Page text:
Navigating the Vaccination Program: For Australian Parents is written by Kathleen Austin. The author’s purpose is to help new parents and others understand the issues involved in our burgeoning vaccine program.
The aim of this book is not to encourage people to either vaccinate or not vaccinate their children.
Though her intent may appear ambiguous, Austin’s caution in regard to vaccination is clear. She invites parents to read her book and learn – observing and recording any changes after each round of vaccinations should the readers wish to vaccinate their children.
You, and only you, have a bird’s eye view of your child, day by day, and you will have the clearest picture of changes that may not be normal.
The growing vaccine schedule
Pivotal to this book is an appreciation of how the list of childhood vaccines is increasing to the point where parents are told to vaccinate their child for 15 different diseases and with multiple doses of most of them. Parents are coerced to comply or be punished by loss of certain family payments and denial of child care and pre-school for their unvaccinated child.
See: Vaccine Laws
How the vaccine schedule has changed
Some people born in the 1930s were given only one vaccine – smallpox. In the late 1940s to early 1950s many children had up to 5 doses of vaccines. Three doses of DTP was available from 1953.
By 1975 – there were 19 doses to 12 years old. The first now given at 3 months.
In 1998 – 32 doses up to 16 years, and given from 2 months.
In 2018 – 40 doses by 4 years and 45 to age 16, plus the annual flu vaccines.
Here is the list of infections for which vaccines are now given to our children and grandchildren.
Pertussis (whooping cough)
Hib (haemophilus influenzae type b)
Varicella (chicken pox)
Navigating the Vaccination Program has a detailed examination of the Australian Childhood Vaccine Schedule and a discussion of each of the various vaccines including the history of the infection; the risks of the disease; and the adverse effects that can occur after vaccination.
Read more information on the vaccination schedule here.
Why are babies given so many more than previous generations?
In Navigating the Vaccination Program: For Australian Parents Kathleen Austin tackles many questions including why are babies and young children given so many more vaccines than their parents and grandparents. Why were all these doses of 15 diseases added to the vaccination schedule?
Historically, many people died from infectious diseases, like smallpox and diphtheria. Good parents wanted to protect their children from such a fate so chose, and sometimes were forced, to vaccinate.
As time went on some children were becoming paralysed from polio and as people naturally became afraid, they vaccinated.
But what really led to the explosion in the number of vaccines today were the changes to the vaccine manufacturer’s liability in the USA.
In 1986, the U.S government took over the liability for the vaccine injury. Instead of being a failing industry, vaccine manufacturing then became a protected industry.
This has been a considerable factor leading to the huge amount of vaccines used today. The prediction is that the vaccine industry will reach an estimated $61 billion in profits by 2020. So we can expect to see many more vaccines on the market and hence the need for more scrutiny of this relentless industry.
Kathleen Austin includes this quote from the Australian Immunisation Handbook:
Valid consent can be defined as the voluntary agreement by an individual to a proposed procedure, given after sufficient, appropriate and reliable information about the procedure, including potential risks and benefits, has been conveyed to that individual.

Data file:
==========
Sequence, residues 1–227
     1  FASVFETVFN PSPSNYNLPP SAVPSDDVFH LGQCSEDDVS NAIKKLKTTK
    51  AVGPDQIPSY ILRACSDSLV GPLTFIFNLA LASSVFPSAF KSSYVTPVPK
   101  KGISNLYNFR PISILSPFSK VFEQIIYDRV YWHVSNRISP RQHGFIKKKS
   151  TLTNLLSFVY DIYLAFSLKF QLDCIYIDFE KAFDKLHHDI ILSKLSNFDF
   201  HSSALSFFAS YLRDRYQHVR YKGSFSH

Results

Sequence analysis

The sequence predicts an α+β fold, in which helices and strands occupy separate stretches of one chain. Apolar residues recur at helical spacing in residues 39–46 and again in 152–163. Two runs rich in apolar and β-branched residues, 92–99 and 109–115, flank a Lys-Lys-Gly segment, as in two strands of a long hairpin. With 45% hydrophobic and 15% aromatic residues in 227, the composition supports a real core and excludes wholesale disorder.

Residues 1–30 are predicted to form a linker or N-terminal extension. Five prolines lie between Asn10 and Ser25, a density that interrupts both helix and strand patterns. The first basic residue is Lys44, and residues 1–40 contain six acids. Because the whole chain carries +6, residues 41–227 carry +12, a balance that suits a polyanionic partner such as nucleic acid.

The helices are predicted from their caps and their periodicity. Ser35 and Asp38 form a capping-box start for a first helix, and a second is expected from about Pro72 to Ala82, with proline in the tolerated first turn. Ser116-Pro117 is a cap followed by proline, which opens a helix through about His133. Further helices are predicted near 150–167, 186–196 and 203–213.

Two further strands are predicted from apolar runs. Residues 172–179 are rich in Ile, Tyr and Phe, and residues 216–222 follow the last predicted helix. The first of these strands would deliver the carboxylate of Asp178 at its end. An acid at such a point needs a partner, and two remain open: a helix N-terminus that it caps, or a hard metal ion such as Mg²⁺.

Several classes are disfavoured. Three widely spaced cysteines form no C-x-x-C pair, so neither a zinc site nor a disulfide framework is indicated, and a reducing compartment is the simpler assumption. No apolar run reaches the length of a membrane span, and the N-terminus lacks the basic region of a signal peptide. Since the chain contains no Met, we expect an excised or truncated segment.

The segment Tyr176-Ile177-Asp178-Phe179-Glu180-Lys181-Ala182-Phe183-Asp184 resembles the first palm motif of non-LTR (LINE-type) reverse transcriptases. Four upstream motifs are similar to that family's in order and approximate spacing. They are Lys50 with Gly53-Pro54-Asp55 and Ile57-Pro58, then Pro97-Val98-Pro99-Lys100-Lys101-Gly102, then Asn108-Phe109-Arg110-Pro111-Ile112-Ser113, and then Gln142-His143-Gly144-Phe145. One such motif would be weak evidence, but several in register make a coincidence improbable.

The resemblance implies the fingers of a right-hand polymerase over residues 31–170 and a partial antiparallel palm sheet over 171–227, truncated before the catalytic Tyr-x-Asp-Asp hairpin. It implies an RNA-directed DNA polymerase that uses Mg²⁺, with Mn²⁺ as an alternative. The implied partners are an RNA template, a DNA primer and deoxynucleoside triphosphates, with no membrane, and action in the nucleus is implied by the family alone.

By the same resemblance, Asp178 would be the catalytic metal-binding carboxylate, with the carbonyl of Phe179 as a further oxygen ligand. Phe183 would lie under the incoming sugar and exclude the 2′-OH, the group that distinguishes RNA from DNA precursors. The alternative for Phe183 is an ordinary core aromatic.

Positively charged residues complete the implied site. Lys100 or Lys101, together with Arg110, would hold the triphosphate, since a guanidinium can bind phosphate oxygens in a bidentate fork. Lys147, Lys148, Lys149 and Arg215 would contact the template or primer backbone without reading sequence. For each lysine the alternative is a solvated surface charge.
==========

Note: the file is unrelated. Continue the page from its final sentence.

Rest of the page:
This is where this book really steps up for as we know the real risks of vaccination are not conveyed to new parents. Informative sections of the book include the contents of vaccines. It would be unusual for a doctor or nurse administering a vaccine to be able to relate the various adjuvants and list of chemicals that is being injected into children during these crucial early years of life.
What is in vaccines?
Sugar and spice and all things nice or slugs and snails and puppy dogs’ tails … More like the latter
The author urges parents to ask the following questions about each vaccine:
Is it necessary?
Is it effective?
Is it safe?
Austin examines each vaccine and asks these questions of each one:
Take the Hepatitis B vaccine which is given to newborns and repeated at 2, 4 and six months of age.
Is it necessary?
Unless a parent is infected with the disease, there is hardly any chance of your child becoming infected with hepatitis B as the disease is largely spread by lifestyle choices: sharing drug needles, having multiple sex partners and getting tattoos.
Is it effective?
While it may protect a child against another infected biting child, will its effectiveness last until the risky age; late teens plus?
Is it safe?
In the U.S, from January 1, 1991 to October 5, 1998 a total of 1771 neonatal (aged 0-28 days) events after receipt of HepB vaccine were reported to VAERS. Eighteen were death reports. Nearly one in 100 adverse events reported for this vaccine were deaths.
Are vaccines the only way to prevent these infections
As pointed out by Kathleen Austin the basics of good health for children include:
Plenty of sleep, breast milk for babies followed by the consumption of unprocessed foods and plenty of time spent in fresh air and sunshine.
In this her latest book, Kathleen Austin urges us to think through the issues, using published research and government data. Sadly it is becoming very difficult to trust our doctors let alone the vaccine manufacturers. For the sake of our children and grandchildren we must bear this responsibility. Austin shows us how.
Navigating the Vaccination Program can be purchased online